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May 14 2016


How To Conduct A Proper Workplace Sexual Harassment Investigation

When an employee makes a sexual harassment complaint against another employee, the employer must take the complaint seriously. Ignoring the complaint, even if you have some reason to doubt the accuser, could have serious legal repercussions for the company. Taking a complaint seriously means not only listening to the accuser in a compassionate, non-judgmental way; it also means separating the parties involved if at all possible and conducting a thorough investigation.

When separating the accuser and the accused, it's very important to make sure that a move does not seem in any way like a demotion or retaliation against the complainer. In fact, you should do all you can to reassure the person who made the complaint that he or she will not be retaliated against in any way.

Allen Baler

The next step in the process is a thorough investigation into the details of the complaint. Both the accused and the accuser will need to be interviewed. A workplace investigation interview should be conducted as neutrally as possible, communicating neither blame nor support for either of the parties. The investigation should also involve as many witnesses as possible and collect very specific details regarding places, times, and words that were said. Documentation of the investigation should include a clear time-line, specific details, and direct quotes.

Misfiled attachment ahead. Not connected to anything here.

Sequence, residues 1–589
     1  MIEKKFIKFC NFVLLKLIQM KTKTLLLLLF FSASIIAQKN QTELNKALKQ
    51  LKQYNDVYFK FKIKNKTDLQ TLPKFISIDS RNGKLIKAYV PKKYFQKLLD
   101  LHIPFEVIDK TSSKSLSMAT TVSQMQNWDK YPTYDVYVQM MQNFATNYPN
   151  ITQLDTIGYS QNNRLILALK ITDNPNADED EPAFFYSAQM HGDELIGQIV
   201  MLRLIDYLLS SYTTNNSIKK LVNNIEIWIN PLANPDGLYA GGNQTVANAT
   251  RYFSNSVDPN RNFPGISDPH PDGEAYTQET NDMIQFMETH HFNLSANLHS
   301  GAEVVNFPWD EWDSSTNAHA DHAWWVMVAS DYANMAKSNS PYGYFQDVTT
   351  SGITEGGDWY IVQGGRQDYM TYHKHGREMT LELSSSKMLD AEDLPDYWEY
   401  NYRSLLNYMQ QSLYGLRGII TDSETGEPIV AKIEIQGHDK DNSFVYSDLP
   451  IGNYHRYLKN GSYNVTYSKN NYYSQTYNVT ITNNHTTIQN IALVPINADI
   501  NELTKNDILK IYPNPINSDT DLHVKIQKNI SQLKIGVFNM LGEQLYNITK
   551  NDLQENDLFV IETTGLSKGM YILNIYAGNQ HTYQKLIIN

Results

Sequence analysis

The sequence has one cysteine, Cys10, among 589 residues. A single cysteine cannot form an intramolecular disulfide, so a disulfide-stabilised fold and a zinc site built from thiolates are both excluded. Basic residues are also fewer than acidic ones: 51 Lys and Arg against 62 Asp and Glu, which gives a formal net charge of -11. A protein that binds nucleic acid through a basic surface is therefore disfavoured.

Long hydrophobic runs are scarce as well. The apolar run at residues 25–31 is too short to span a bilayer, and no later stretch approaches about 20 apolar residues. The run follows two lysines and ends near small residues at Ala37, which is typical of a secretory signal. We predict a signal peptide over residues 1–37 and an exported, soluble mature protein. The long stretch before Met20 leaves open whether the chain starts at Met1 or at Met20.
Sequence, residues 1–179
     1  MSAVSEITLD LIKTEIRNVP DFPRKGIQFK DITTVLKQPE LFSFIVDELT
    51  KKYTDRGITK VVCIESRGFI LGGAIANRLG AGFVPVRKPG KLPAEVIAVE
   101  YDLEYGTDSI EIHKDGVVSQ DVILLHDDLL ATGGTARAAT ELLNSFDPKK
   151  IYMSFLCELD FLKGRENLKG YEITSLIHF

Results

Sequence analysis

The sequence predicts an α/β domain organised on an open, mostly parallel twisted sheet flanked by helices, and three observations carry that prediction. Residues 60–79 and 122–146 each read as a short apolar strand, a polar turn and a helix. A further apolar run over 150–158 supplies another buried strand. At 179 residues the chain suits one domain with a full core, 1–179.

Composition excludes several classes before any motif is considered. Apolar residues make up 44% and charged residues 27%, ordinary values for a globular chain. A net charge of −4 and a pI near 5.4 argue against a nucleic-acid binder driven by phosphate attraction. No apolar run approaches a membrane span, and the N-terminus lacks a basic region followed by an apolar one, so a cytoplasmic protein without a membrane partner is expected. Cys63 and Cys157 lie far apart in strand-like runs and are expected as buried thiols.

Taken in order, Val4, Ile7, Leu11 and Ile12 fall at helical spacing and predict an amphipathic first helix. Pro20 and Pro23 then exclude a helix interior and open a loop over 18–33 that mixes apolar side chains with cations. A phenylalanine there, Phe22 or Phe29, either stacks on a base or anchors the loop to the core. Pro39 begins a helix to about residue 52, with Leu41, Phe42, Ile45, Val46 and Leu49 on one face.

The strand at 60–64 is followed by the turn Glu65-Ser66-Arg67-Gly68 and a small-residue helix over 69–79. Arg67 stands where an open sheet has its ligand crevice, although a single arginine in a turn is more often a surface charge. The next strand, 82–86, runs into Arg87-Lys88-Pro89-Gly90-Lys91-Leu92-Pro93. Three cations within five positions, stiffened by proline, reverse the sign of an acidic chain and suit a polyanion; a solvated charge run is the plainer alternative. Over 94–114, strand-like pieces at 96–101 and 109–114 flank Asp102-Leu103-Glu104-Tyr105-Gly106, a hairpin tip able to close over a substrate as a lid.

Even after a thorough investigation, it can be difficult to make a decision because the evidence may not be clear. Whatever decision you make is going to hurt one of your employees. If there is sufficient evidence to support the accusation, the harassing employee must be sanctioned and possibly fired, no matter how valuable to the company his or her work has been. Often the evidence is not clear cut, but it is important for the employer to make a final decision and enforce it.

When an employee makes a complaint of harassment, the employer will need to decide who should conduct the investigation. Some employers choose an unbiased, trustworthy employee; however, if the interviewer doesn't have experience doing workplace investigations, he or she may not be able to do a thorough job and the company might be liable for failing to properly investigate the complaint. A better option is to use a firm which specializes in workplace investigations, like Diversified Risk Management.

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